Monday, August 13, 2007

Hell is Other People

G.K. Chesterton (whom, as my masthead suggests, I’m liable to quote rather often) once claimed that Original Sin is “the only part of Christian theology that can really be proved.” Criticizing the modern tendency to reject this doctrine, he argues:

The strongest saints and the strongest skeptics alike took positive evil as the starting-point of their argument. If it be true (as it certainly is) that a man can feel exquisite happiness in skinning a cat, then the religious philosopher can only draw one of two deductions. He must either deny the existence of God, as all atheists do; or he must deny the present union between God and man, as all Christians do. The new theologians seem to think it a highly rationalistic solution to deny the cat. (Orthodoxy, p. 19)
How anyone can look at our world and claim that the average human is “basically good” is beyond me, but however indisputable, the universality of human evil remains an exceptionally difficult doctrine. If God is just, how can it be that he punishes us for the sins of our forebears? So what if our ancestors sinned, why should that affect us?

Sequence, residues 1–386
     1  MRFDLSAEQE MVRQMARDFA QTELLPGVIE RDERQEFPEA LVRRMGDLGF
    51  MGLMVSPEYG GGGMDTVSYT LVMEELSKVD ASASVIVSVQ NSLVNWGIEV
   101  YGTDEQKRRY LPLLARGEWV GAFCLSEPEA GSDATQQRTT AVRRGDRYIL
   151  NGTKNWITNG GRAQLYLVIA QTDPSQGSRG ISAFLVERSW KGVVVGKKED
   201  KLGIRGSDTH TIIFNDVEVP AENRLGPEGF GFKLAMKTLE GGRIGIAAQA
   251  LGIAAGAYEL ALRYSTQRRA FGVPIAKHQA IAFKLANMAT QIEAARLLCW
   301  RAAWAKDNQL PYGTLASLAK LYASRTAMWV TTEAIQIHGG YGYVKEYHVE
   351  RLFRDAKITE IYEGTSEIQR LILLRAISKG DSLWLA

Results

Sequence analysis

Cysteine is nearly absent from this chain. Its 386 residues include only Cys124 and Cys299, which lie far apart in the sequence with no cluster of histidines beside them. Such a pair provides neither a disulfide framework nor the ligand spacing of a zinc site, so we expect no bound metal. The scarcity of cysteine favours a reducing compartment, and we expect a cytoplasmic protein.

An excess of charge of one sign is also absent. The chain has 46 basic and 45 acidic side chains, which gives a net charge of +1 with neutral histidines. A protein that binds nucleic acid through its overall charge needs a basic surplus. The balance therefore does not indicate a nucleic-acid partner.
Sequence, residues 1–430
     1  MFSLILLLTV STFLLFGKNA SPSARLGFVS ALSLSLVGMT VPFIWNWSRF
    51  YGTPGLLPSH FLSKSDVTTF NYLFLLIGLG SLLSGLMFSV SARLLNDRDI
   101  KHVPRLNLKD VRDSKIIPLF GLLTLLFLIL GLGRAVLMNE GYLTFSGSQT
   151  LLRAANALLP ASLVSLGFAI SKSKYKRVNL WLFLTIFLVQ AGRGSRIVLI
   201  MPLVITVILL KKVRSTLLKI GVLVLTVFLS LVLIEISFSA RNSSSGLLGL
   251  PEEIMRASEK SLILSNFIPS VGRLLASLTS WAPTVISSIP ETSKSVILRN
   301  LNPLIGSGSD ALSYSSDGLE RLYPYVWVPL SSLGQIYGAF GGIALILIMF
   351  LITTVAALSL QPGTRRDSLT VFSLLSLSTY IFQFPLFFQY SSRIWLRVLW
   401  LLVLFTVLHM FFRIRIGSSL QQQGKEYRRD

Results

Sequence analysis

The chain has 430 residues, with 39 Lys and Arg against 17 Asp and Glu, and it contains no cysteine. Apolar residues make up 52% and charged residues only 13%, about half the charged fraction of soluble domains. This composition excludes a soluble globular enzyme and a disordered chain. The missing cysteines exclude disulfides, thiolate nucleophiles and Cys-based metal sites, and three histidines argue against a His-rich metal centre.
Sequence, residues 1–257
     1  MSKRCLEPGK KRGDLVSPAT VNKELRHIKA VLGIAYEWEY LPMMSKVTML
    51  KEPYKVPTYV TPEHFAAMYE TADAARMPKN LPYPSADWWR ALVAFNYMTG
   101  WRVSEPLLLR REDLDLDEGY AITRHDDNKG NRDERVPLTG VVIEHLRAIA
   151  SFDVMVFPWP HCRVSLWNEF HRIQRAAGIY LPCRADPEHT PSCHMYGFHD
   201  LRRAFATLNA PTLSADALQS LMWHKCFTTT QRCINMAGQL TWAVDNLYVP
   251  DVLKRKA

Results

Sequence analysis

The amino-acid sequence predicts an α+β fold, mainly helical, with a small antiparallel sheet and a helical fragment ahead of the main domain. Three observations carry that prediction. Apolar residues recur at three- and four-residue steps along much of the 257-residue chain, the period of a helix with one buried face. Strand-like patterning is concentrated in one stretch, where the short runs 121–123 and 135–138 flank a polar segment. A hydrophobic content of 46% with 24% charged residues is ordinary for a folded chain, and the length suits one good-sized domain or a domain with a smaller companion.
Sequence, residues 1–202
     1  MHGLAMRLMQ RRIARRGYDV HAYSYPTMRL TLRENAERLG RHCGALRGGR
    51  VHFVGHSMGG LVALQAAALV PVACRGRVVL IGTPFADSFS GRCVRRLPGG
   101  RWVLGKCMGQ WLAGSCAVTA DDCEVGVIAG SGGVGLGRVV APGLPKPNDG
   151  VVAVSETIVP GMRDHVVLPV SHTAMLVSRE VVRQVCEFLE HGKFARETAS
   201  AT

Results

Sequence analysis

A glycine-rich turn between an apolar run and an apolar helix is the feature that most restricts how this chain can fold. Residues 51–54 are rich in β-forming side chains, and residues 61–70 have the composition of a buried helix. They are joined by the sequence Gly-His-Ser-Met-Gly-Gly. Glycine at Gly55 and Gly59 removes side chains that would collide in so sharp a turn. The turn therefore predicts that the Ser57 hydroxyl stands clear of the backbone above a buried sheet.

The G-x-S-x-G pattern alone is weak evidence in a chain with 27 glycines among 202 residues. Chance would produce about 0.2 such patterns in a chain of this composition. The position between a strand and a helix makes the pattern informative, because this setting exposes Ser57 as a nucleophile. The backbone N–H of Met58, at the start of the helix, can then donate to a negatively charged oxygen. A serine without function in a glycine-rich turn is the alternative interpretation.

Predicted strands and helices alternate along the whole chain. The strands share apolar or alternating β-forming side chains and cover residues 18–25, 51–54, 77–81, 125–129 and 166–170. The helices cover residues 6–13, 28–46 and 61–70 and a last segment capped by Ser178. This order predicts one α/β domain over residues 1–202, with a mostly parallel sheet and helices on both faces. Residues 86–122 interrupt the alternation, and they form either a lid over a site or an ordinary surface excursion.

And yet, could it really have been otherwise? Theoretically, perhaps, God could have created a world of isolated individuals each with no power to harm another, but such would have been more like a cosmic prison than a good creation. As soon as God choose to create a world of freedom and society, he accepted the risk that we would use that freedom to destroy that society, and one another.

This leads to an alternate understanding of the concept of Original Sin. Such is not an arbitrary punishment God imposed on us because of our ancestors’ rebellion, as though he were spitefully getting back at our parents by cursing us. Not at all.

The doctrine of Original Sin instead recognizes the obvious truth that our actions as individuals always impact the society in which we live, the society in which our children are born. Our children are “born into sin,” not because God creates them sinful, but precisely because they are born into a community of sinful people – selfish people, prideful people, prejudiced people, people like you and me.

And that is why the fall of our ancient forebears was such a disaster, for it established a culture of sin which affects all aspects of human society. Such was the cost of the gift of freedom, such is the dark side of community.

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